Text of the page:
Brisbane Local Food

Growing local

Episode 5 of our Corona virus lockdown is all about the birds here at the tiny farm. Japanese quail and chickens.

Views: 122

Add a Comment

You need to be a member of Brisbane Local Food to add comments!

Join Brisbane Local Food

Comment by Sophie on April 5, 2020 at 12:10

hahahhahahaa... guilty..the thought had crossed my mind also

Comment by Andrew Cumberland on April 4, 2020 at 20:43

LOL.  This is an issue that Dave and I have discussed a few times before.  There's a cuteness factor I'd have trouble with, although renaming them "pygmy rabbits" or the like might help.  Once you've lived with quails for a while, they don't have any cute factor left.  

Comment by Doug Hanning on April 4, 2020 at 18:04

I ate one with a mate about a year ago. He had eaten a few in South America. They are pretty good and the meat and skeleton is reminiscent of rabbit. I have broached the subject here and I did not get very far. I should be happy I am allowed to butcher quail and not push my luck(those are not my words lol). If I go and shoot rabbits we can eat them, go figure.

Comment by Dave Riley on April 4, 2020 at 16:37

The only thing that held me back was the dogs: what if I get rodents and my terriers go crazy? But my new neighbour has a Cavy so I thought that maybe I could borrow it as an experiment...

They are worth just for the lawn care alone...

Comment by Andrew Cumberland on April 4, 2020 at 14:21

I've also seen pictures of them served butterflied and cooked in a sandwich press. 

Comment by Dave Riley on April 4, 2020 at 11:26

Guinea pigs (called cuy, cuye, or curí) were originally domesticated for their meat in the Andes. Traditionally, the animal was reserved for ceremonial meals and as a delicacy by indigenous people in the Andean highlands, but since the 1960s, it has become more socially acceptable for consumption by all people.[136] It continues to be a major part of the diet in Peru and Bolivia, particularly in the Andes Mountains highlands; it is also eaten in some areas of Ecuador (mainly in the Sierra) and in Colombia,[137] exclusively in highland locations in the department of Nariño near the border with Ecuador. Because guinea pigs require much less room than traditional livestock and reproduce extremely quickly, they are a more profitable source of food and income than many traditional stock animals, such as pigs and cattle;[138] moreover, they can be raised in an urban environment. Both rural and urban families raise guinea pigs for supplementary income, and the animals are commonly bought and sold at local markets and large-scale municipal fairs.[139] Guinea pig meat is high in protein and low in fat and cholesterol, and is described as being similar to rabbit and the dark meat of chicken.[4][140] The animal may be served fried (chactado or frito), broiled (asado), or roasted (al horno), and in urban restaurants may also be served in a casserole or a fricassee.[141] Ecuadorians commonly consume sopa or locro de cuy, a soup dish.[141] Pachamanca or huatia, a process similar to barbecueing, is also popular, and is usually served with corn beer (chicha) in traditional settings.[141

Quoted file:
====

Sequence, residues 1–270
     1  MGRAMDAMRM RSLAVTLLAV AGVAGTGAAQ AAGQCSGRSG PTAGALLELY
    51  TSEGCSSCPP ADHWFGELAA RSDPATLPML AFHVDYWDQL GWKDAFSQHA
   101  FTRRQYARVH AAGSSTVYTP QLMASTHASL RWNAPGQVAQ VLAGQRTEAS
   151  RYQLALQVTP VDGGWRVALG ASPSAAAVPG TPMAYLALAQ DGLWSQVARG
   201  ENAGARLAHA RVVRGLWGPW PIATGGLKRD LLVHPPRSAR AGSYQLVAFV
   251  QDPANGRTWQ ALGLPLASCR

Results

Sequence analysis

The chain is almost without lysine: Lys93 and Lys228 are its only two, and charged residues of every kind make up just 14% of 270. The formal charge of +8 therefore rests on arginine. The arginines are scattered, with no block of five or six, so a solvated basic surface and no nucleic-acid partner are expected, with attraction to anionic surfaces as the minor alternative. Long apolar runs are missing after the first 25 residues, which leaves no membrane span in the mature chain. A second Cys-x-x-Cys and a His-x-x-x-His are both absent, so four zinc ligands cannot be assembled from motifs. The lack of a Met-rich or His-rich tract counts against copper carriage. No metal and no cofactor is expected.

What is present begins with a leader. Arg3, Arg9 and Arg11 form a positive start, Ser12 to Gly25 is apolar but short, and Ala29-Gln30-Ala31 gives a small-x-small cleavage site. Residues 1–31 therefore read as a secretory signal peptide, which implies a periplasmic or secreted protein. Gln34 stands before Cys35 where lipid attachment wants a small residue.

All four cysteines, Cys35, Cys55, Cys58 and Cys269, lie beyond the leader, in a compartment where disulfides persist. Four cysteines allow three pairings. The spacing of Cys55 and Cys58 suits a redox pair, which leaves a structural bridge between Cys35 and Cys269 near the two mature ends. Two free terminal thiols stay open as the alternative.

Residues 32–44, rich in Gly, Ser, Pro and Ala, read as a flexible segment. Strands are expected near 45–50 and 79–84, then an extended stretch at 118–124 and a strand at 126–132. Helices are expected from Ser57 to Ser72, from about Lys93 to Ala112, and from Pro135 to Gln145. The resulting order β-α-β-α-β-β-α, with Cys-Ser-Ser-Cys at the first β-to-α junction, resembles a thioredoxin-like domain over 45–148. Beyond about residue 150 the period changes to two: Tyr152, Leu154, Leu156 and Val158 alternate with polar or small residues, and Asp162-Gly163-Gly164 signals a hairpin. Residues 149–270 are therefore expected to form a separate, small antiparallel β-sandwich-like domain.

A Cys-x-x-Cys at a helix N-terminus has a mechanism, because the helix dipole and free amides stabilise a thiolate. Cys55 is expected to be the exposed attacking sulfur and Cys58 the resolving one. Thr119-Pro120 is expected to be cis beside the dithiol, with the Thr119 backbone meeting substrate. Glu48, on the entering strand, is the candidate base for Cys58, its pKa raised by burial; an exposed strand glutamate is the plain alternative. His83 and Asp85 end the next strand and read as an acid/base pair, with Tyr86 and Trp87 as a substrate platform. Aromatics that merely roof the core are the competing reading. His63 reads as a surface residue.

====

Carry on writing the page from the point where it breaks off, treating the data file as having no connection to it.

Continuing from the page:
Comment by Dave Riley on April 4, 2020 at 11:26

Tis a pity we cannot keep rabbits in QLD. Eat anything. Grow fast. Reproduce often. Good meat and recipes. A great source of backyard meat and recycling. Benign unless they escape.

That suggests guinea pigs -- another meat resource. Ditto but smaller.

The Last Supper: dining on guinea pigs:

Comment by Sophie on April 3, 2020 at 10:51

Mini goats are/were on my list but then I was explained that it is really too much bother to milk them! Tiny teets!

Comment by Sophie on April 3, 2020 at 10:50

Dianne - I have a friend who has mini goats and went to cuddle the babes in Spring !!!! Maybe one day :)

Comment by Jeff Kiehne on April 3, 2020 at 9:13

With the Goat they showed on television that they like jumping on things like your car.

Important note about adding photos:

Always add photos using the "From my computer" option, even if you are on a mobile phone or other device.


  • Add Photos
  • View All


  • Add Videos
  • View All


Vetiver grass helps to stabilise soil and protects it against erosion.  It can protect against pests and weeds. Vetiver is also used as animal feed. (Wiki.)

GrowVetiver is a plant nursery run by Dave & Keir Riley that harvests and grows Vetiver grass for local community applications and use. It is based in Beachmere, just north of Brisbane, Australia.

Place your business add here! ($5 per month or $25 for 9 months)

Talk to Andy on 0422 022 961.  You can  Pay on this link

© 2021   Created by Andrew Cumberland.   Powered by

Badges  |  Report an Issue  |  Terms of Service